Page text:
Committed to Paper: Master Drawings and Prints by Sculptors at the Frederik Meijer Gardens & Sculpture Park

Frederik Meijer Gardens & Sculpture Park

January 31– April 27, 2014

“Committed to Paper: Master Drawings and Prints by Sculptors,” is curated from the Frederik Meijer Sculpture Gardens‘ permanent collection of works on paper, which includes pieces by such modern masters as Alexander Calder, Henry Moore, and Louise Nevelson, as well as notable contemporary artists including Kiki Smith, Roxy Paine, Magdalena Abankowicz.

Works on paper are not typically on display because due the fugitive nature of the media, ideally they should not be exposed to light for extended periods of time. This exhibition is an opportunity not only to see prints and drawings otherwise relegated to archival storage, but also gain insight into the working process of some noteworthy artists.

Three broad categories of works on paper are included: preliminary studies for sculptural projects (in some cases, those displayed in the gardens), studies of existing works by the artist, and two-dimensional works that are part of the artists’ studio practice.

Preparatory drawings are like original manuscripts, because notations and omissions reveal something of the author’s thought process. Historically regarded as fragmentary or mere artifacts of an “important” finished work, opinions about the medium of drawing have evolved over the past two centuries. Drawing is regarded as a viable primary medium of expression, no longer low in the hierarchy of two-dimensional works, with oil painting positioned at the apex, leaving water-based media, printmaking, and drawing to scrap-around for second or third place.

There is a direct fluidity to the process of drawing, unlike paint for example, which requries reloading the brush. Spontaneously rendered and absent any evidence of hesitation or erasure, drawings can effectively illustrate the gestural bravado and confidence of the artist. Beverly Pepper’s oil stick drawing Curvae in Curvae II, and the untitled ink and marker drawing by Mark di Suvero, embody these qualities. There can also be something vulnerable about drawings, perceptible in the hesitance of a searching line, or iterations that deviate from the final product, as seen in Alexander Liberman’s nine studies for Aria (c. 1979).

Louise Nevelson Facade I The Drum 1966 Serigraph with collage elements on paper Photo by Chuck Heiney

While preliminary studies are probably what one expects to see in the exhibition, there are many surprises, including a 1966 series of silkscreen prints by Louise Nevelson, created in response to poems by Edith Sitwell. Apparently conceived as an artists’ book or dossier of prints and broadsides, four of the suite of twelve are displayed.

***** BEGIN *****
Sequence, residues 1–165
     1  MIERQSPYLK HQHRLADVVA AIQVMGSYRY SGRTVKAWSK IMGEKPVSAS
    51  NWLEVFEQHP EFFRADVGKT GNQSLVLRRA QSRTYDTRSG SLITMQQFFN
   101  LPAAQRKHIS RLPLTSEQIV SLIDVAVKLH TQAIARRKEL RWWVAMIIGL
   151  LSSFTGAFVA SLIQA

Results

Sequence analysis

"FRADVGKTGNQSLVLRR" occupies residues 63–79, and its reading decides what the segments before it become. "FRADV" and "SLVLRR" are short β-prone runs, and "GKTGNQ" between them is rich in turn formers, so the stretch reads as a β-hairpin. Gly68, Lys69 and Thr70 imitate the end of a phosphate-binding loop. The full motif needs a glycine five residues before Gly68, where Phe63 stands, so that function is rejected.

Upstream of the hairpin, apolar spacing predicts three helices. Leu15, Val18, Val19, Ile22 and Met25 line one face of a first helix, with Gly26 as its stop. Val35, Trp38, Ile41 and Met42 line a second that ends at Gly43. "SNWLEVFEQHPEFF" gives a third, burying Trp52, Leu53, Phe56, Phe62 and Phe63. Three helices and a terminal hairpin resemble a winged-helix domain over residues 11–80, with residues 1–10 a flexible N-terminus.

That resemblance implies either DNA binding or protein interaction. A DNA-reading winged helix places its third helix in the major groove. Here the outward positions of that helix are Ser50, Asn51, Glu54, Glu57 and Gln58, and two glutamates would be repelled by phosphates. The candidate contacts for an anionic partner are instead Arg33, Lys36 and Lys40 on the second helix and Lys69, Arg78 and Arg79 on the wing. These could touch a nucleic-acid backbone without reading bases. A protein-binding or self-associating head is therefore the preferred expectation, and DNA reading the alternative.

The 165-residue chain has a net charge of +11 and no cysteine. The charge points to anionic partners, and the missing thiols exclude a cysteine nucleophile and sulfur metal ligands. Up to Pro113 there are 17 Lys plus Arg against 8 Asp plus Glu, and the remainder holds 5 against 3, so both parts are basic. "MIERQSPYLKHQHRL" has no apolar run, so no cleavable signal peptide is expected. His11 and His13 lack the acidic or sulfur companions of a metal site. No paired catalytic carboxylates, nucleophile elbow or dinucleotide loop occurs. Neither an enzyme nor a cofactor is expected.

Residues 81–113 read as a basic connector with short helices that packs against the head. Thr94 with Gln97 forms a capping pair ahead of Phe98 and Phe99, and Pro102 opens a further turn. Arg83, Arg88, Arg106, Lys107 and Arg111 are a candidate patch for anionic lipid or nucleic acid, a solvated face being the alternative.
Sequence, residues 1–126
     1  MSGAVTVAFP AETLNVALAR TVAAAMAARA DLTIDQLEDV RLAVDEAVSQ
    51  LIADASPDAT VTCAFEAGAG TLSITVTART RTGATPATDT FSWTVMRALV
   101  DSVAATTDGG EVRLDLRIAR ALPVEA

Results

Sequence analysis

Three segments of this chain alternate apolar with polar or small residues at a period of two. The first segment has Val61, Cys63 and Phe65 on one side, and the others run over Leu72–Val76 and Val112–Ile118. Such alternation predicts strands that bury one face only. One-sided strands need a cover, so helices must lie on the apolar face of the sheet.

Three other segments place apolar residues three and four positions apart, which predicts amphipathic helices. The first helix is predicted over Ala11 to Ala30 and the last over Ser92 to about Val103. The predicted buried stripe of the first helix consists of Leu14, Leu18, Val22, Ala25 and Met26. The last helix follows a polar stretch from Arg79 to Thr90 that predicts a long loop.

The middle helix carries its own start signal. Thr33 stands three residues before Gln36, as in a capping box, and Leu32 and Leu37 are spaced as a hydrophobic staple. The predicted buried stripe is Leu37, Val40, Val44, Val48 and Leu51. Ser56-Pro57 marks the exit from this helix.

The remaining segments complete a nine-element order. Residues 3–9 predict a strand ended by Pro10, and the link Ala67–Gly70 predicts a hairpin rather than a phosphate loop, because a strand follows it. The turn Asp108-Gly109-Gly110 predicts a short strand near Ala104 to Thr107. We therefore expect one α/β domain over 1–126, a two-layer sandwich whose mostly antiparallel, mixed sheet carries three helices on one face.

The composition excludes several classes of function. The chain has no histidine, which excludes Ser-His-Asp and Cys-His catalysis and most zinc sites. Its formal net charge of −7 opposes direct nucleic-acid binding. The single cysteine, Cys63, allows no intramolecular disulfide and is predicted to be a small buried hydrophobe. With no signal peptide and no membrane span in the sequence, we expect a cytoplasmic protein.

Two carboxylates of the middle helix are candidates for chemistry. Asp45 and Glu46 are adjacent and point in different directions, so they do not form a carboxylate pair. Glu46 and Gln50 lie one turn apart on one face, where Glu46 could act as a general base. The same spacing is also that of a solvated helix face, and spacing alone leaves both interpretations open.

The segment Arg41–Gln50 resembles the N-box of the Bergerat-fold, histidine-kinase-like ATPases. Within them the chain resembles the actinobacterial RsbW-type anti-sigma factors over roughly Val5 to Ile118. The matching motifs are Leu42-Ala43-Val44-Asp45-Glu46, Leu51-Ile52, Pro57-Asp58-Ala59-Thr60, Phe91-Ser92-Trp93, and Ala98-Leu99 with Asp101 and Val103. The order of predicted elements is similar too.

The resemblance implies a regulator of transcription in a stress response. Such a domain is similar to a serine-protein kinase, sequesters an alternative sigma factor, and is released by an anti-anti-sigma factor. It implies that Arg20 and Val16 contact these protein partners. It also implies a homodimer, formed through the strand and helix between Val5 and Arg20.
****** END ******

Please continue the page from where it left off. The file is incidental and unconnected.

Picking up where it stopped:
Kenneth Snelson‘s untitled photographic print on shiny silver paper, creates a disorienting vortex of progressively diminishing star shapes (like Guarino Guarini’s cupola of the Sindone Chapel), while at the same time suggesting the metallic wallpaper en vogue in the 1970s. Peter Randall-Page‘s aquatint series Entomology II-IX, (2010), also suggests 1970s wallpaper of the flocked variety, featuring a hybrid damask/Rorschach test/brain scan motif that is repeated with variation in each print.

There are a number of works that must be seen first-hand to be fully appreciated, like George Rickey‘s embossed paper pieces, David Nash‘s velvety charcoal, King and Queen (2008), and Arnaldo Pomodoro‘s serigraph, Sfera (1964-69) with lush metallic copper and green-gold inks, that evoke the bronze surface of the original piece in the sculpture collection.

Sfera, is one of several works on paper that are unexpected compared to the sculptural examples in the Meijer collection. Jaume Plensa‘s, Veiled Shadow XVIII (2011) is an uncanny collage/painting on acetate, very different than his sculpted figures comprised of steel letters like, I, you, she or he…, (2006). Bill Woodrow‘s contributions are two surreal mixed media works created with ink and pollen. One resembles the biomorphic forms of Yves Tanguy, the other includes overlapping silhouettes of animals suspended by their haunches. These interesting little drawings were quite unexpected from the artists who created Listening to History (1995), which consists of a giant head (a ubiquitous motif in contemporary sculpture), bound to a book.

Committed to Paper: Master Drawings and Prints by Sculptors, is on-view through April 27, 2014 at the Frederik Meijer Gardens & Sculpture Park
1000 East Beltline Ave. NE, Grand Rapids Charter Township, MI 49525

Admission: $12 for adults, $9 for seniors and students with id,
$6 ages 5-13, $4 ages 3-4, free to members and children ages 2 or younger

Parking is free.

Hours:
Monday, Wednesday, Thursday, Friday, Saturday: 9 am-5 pm
Tuesday: 9 am-9 pm
Sunday: 11 am-5 pm

-Tamara Fox

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